Theory:

Point
A specific position or location on the surface of the plane is referred to as a point. It has no length, breadth or thickness.
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The above figure shows point \(A\) and \(B\).
 
A point is an invisible dot that may determine a location/position but can't be extended. To represent the location/position, we label each point using an English alphabet.
Example:
We plan to locate the five-place (let them be \(A\), \(B\), \(C\), \(D\) and \(E\)) on a map using the concept of points and label them accordingly.
 
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Line segment
A line segment is the shortest distance between two points. It is also a part of the line. Name the line segment using its two endpoints.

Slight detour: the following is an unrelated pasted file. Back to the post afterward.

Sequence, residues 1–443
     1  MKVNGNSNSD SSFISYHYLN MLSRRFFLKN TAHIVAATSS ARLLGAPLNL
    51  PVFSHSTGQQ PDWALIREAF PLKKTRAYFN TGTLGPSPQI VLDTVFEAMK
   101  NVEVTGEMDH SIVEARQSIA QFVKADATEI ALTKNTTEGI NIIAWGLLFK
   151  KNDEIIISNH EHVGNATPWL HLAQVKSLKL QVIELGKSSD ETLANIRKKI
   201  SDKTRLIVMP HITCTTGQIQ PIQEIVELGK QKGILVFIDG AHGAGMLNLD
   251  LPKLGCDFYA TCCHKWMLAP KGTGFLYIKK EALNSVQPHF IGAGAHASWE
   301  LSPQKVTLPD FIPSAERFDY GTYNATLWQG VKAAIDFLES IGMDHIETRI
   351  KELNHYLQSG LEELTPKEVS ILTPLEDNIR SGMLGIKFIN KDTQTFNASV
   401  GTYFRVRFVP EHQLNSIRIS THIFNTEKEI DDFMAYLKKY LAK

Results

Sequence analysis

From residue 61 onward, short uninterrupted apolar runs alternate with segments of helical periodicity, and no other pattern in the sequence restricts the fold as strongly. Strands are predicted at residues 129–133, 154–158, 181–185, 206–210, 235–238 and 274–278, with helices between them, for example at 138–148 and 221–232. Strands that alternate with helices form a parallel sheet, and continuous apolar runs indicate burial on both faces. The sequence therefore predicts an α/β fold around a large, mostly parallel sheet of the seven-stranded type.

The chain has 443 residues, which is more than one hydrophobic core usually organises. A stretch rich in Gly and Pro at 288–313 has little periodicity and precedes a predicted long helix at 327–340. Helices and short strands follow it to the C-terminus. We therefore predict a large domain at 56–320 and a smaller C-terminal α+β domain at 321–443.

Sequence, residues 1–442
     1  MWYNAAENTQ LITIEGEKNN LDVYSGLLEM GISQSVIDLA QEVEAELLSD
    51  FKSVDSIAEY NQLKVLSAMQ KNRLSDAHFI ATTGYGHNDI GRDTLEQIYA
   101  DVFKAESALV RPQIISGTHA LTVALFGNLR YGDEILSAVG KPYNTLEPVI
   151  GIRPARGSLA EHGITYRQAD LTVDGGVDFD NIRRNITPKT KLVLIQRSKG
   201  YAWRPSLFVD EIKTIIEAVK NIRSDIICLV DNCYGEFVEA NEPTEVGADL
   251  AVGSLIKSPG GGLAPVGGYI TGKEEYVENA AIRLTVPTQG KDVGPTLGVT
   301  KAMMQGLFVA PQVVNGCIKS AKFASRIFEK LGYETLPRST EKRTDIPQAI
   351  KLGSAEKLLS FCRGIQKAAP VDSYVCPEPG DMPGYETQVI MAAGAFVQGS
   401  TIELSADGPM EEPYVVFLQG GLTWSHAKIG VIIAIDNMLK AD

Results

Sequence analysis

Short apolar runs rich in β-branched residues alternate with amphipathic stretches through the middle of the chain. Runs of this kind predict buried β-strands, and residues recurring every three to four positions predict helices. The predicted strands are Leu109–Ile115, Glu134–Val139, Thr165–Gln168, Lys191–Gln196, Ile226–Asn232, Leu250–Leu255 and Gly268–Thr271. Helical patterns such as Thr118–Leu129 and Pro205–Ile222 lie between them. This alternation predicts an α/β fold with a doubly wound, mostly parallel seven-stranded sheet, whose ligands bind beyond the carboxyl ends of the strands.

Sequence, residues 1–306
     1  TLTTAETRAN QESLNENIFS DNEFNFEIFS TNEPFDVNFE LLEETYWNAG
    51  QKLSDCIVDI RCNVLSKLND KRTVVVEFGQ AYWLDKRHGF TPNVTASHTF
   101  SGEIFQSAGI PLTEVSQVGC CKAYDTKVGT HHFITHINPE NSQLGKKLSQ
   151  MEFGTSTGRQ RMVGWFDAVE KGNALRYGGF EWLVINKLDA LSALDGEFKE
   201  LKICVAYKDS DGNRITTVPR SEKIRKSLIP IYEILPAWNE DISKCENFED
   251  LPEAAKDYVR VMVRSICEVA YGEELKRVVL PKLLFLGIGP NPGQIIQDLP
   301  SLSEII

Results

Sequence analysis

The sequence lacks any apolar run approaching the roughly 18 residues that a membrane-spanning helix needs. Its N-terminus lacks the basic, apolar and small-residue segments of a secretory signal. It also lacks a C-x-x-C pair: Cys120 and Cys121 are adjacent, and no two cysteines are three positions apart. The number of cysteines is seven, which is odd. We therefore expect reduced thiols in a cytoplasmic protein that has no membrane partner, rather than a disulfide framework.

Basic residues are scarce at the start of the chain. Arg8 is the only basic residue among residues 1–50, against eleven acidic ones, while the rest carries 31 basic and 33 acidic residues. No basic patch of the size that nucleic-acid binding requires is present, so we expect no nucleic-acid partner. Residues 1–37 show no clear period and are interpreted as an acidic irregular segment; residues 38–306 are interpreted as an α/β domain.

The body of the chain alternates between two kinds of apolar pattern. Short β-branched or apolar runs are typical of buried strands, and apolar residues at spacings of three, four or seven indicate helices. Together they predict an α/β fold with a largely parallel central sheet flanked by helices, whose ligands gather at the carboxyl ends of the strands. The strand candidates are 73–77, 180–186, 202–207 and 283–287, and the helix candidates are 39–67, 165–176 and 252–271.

Line1.PNG
The above figure shows a line segment \(PQ\) and is represented as \(\overline{PQ}\).
Example:
We plan to use the idea of a line segment to illustrate the distance between the places (let's call them \(A\), \(B\), \(C\) and \(D\)) on a map and label them accordingly.
 
When we connect points \(A\) and \(B\), we get the line segment \(\overline {AB}\).
 
Also, if we connect the points \(C\) and \(D\), we get the line segment \(\overline {CD}\).
 
We can calculate the distance of \(\overline {AB}\) and \(\overline {CD}\) using measurements.
 
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